Bhopal: Master Potters' Creations Dazzle Art Lovers At ‘Potters Market 2023’ In Gauhar Mahal (Pics Inside)

Bhopal: Master Potters' Creations Dazzle Art Lovers At ‘Potters Market 2023’ In Gauhar Mahal (Pics Inside)

Ceramist Subodh Poddar’s ‘Mohenjo-Daro Live’ takes you 5000 years back.

Staff ReporterUpdated: Monday, November 27, 2023, 12:30 PM IST
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Bhopal (Madhya Pradesh): Inspired by Harappan artefacts, ‘Mohenjo-Daro Live’, a series of ceramic and terracotta sculptures crafted by master potter Sobodh Poddar, are mesmerising and evocative at the same time. Poddar’s sculptures depict the ‘Mohenjo-Daro dancer’ in different poses of the Oddissi dance form.   

Art lovers seeing ceramic and terracotta works of Subodh Poddar in ‘Potters Market’ at Gauhar Mahal in the city.

Art lovers seeing ceramic and terracotta works of Subodh Poddar in ‘Potters Market’ at Gauhar Mahal in the city. |

Poddar’s series, along with the works of three other master potters, are on display at  Gauhar Mahal in the city as part of a four-day ‘Potters Market 2023,’ organised by Bhopal Potters Development Welfare Society. 

Poddar learned Odissi from Kelucharan Mahapatra’s disciple Shankar Behra for four years to ensure that the dancers in his sculptures look real. All the dancers in the series have a red thread covering their private parts. “These idols were made 5,000 years back and at the time, artists could show dancers in the nude. No artist can dare make such figures now,” Poddar told the Free Press, adding that, “it is often said that Harappa marked the beginning of civilization. But I believe that Harappa marks the beginning of the end of civilization.” He has given some of his sculptures a golden hue by wrapping them in 24-karat gold foils while gas firing.

Born into a Bengali family in Madhya Pradesh, Poddar studied at Sir J J Institute of Arts, Mumbai. He worked in advertising agencies as illustrator, art director and creative director and produced more than 200 TV commercials, including memorable ones like Nerolac Paints, Santoor Soap and Amul the Taste of India After retirement, he returned to his childhood passion - sculpture. “This is a collection of my ten-year journey in ceramics. I was quite old when I joined this field and so I chose to sculpt images from the forgotten past,” the 68-year-old said.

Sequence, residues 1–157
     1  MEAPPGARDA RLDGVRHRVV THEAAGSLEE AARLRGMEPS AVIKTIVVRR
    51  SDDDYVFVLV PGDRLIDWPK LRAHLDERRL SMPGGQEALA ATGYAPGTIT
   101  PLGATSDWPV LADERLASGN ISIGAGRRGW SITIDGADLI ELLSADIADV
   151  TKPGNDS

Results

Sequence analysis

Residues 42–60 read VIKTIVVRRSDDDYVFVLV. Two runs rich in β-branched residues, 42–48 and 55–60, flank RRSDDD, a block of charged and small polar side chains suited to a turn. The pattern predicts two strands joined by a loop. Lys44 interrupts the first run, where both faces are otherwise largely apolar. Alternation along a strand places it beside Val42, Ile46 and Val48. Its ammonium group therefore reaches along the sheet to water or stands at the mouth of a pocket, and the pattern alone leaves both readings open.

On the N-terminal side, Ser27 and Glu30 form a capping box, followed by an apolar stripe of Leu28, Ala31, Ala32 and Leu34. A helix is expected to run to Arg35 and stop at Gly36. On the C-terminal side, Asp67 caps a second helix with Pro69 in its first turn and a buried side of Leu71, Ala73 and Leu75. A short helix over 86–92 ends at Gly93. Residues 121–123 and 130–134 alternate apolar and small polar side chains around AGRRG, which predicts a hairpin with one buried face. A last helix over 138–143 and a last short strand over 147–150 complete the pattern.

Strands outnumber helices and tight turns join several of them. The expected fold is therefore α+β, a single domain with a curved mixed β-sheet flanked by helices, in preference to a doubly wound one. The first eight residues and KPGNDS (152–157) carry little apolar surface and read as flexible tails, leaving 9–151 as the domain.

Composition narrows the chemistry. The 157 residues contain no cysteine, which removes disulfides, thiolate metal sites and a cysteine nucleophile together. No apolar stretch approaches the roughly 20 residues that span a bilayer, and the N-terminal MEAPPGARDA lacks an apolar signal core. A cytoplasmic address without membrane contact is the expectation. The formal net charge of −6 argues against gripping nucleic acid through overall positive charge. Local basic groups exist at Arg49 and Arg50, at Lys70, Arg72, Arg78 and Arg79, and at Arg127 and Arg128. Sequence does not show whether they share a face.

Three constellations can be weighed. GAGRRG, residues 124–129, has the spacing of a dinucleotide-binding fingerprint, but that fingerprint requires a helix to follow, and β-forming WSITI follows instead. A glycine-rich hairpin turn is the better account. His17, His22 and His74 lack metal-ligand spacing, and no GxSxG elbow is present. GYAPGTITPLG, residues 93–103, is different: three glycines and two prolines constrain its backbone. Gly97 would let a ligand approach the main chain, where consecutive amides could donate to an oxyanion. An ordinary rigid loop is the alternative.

'Journey ' a series of ceramic  artworks , crafted by  Sandeep Manchekar

'Journey ' a series of ceramic artworks , crafted by Sandeep Manchekar |

Another JJ School of Arts alumnus Sandeep Manchekar from Mumbai has displayed four works under a series titled ‘Journey’. Clay has been his constant companion since his childhood. The universe is round and constantly moving but we humans make everything square to seek stability, he says. And this is what his works depict. Churning new thoughts of glaze from organic, flowy, undulated to definite and structured through reparative firings helped him fashion his artworks. 

Female torso crafted by ceramist Sultana Khan

Female torso crafted by ceramist Sultana Khan |

Another master potter, Sultana Khan’s ceramic works include female torsos. Sultana, who lives in Mumbai, creates figurative sculptures with the goal to engage, inspire and provoke viewers with her work. Working with clay allows for a playful and spontaneous approach, she says.  

Sultana chose clay as her medium to sculpt her life's journey. Representational sculpture is a natural extension of her vision. The shapes and forms of her sculptures are an expression of internal and external influences on her life. She hopes to create contemplative pieces that have a connection to the soul, she said. 

An artlover clicking a picture of ' Perfectly Imperfect,' a series of terracotta artworks, crafted by Omprakash Galav.

An artlover clicking a picture of ' Perfectly Imperfect,' a series of terracotta artworks, crafted by Omprakash Galav. |

Omprakash Galav from Alwar, Rajasthan, is the 15th-generation potter of his family. The collection of his works ‘Perfectly Imperfect’ portray the ups and downs of life.

“When I used to make clay artefacts in my childhood, some of them used to break but the shape they had when they broke attracted me a lot and I felt like making such artefacts,” he says, adding that fashioning such works is quite challenging and painstaking because almost 80% of the pieces break while in the making.   

Besides the exhibition, around 40 potters from across the country have displayed their ceramic and terracotta works in the ‘Potters  Market,’ which will remain open for art lovers till November 26 from 11am-8pm.

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